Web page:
Posts Tagged ‘superintendent preparation’
The National Policy Board for Education Administration (NPBEA) seeks comment by May 22 on new draft standards for leadership preparation programs. Once approved, these preparation standards will replace the Educational Leadership Constituent Council (ELCC) standards and be used to guide the educational leadership program design, accreditation review, and state approval of preparation programs for principals and superintendents.
The proposed National Educational Leadership Preparation (NELP) Standards specify what novice leaders should know and be able to do, at the building and district level, after completing a high-quality educational leadership preparation program. The new draft aligns the standards for preparation programs with the Professional Standards for Educational Leaders (PSEL) approved by NPBEA last fall. Formerly known as the Interstate School Leaders Licensure Consortium (ISLLC) standards, the PSEL standards articulate the knowledge and skills expected of school leaders broadly.
As the first cohort of leaders embarks on their course of study with the new AASA Urban Superintendents Academy at Howard University and the University of Southern California, we are thrilled to see this promising work come to life. Urban districts desperately need forward-thinking leaders, particularly those from underrepresented demographic groups, prepared to be barrier-busting champions for every student in their care.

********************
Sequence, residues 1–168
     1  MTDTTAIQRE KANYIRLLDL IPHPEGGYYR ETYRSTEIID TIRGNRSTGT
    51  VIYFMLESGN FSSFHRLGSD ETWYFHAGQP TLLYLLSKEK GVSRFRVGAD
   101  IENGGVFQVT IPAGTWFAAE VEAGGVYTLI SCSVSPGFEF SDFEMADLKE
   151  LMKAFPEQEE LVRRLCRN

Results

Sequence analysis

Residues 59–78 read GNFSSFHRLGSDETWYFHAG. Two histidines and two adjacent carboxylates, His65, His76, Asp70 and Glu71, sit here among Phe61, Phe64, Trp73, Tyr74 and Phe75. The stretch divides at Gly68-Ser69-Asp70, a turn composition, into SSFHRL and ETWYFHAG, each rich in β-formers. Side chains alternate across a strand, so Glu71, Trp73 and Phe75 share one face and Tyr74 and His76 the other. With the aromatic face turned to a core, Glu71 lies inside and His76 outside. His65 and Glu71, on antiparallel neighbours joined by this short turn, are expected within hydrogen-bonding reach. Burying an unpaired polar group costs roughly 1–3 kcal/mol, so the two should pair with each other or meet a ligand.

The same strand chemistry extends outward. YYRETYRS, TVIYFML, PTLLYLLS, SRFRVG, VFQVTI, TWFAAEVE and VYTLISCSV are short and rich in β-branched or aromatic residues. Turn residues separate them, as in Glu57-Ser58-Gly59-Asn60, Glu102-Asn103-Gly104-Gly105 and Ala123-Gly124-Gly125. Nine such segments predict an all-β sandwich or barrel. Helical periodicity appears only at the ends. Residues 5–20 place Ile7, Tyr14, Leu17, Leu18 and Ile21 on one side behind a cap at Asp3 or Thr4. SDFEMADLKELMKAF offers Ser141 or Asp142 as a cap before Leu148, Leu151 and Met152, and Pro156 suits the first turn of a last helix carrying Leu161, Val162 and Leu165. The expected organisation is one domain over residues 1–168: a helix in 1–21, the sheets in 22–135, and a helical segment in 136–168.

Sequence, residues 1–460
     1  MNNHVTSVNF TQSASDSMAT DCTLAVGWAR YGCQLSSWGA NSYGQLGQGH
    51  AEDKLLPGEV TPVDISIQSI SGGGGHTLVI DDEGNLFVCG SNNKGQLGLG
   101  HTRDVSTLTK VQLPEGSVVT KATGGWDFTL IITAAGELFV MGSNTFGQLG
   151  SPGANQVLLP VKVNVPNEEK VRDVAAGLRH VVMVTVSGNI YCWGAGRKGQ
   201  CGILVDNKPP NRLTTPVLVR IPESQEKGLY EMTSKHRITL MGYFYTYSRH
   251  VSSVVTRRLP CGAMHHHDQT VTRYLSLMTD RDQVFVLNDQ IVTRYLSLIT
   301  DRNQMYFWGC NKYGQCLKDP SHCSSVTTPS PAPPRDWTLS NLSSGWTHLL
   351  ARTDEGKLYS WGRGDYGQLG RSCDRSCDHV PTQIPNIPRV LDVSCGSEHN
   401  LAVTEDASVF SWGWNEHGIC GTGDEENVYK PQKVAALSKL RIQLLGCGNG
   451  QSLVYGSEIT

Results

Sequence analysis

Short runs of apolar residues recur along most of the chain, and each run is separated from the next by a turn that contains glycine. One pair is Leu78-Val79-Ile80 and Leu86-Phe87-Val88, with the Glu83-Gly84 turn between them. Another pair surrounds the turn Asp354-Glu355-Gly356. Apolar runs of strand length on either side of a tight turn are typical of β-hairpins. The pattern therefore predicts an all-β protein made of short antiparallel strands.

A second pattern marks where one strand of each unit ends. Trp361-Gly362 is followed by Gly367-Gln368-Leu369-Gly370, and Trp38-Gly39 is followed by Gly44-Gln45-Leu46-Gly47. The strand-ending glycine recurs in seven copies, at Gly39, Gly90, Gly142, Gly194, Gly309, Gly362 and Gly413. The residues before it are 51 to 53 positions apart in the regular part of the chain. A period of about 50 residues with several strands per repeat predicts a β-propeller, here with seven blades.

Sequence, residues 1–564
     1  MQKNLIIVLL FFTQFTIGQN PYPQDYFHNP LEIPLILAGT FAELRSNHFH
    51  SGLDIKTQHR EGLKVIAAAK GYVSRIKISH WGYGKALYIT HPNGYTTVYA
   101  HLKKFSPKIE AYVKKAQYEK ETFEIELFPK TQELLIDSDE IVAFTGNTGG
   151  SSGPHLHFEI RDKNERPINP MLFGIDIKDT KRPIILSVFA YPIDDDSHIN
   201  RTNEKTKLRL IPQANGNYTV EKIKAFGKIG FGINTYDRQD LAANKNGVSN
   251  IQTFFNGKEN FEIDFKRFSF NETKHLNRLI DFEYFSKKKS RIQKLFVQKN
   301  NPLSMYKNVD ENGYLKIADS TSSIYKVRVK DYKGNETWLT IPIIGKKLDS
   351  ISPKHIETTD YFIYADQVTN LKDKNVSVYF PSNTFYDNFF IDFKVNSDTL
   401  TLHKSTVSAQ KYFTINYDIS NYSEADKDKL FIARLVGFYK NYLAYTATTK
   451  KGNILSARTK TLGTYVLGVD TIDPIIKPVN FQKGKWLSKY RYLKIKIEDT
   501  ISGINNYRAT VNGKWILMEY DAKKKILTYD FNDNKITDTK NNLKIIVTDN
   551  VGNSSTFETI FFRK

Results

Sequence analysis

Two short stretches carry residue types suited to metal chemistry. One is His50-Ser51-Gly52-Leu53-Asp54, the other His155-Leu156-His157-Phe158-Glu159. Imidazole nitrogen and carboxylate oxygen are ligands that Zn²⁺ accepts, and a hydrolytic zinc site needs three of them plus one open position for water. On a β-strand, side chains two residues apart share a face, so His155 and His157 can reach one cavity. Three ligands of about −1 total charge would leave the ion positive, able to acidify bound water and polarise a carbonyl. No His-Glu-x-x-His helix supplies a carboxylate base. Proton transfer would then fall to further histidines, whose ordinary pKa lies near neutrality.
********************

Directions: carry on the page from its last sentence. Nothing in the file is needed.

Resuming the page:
Following an intensive kick-off conference later this month, participants in the Academy—predominantly from underrepresented racial/ethnic groups—will spend the academic year undertaking internships in the field, focusing on problems of practice under the guidance of experienced mentors, and taking graduate courses at the university before completing culminating projects. These participants, in-service administrators who want to enrich their field experience and training for urban settings or prospective superintendents, will be prepared for certification through the program.
What is so promising about the Academy?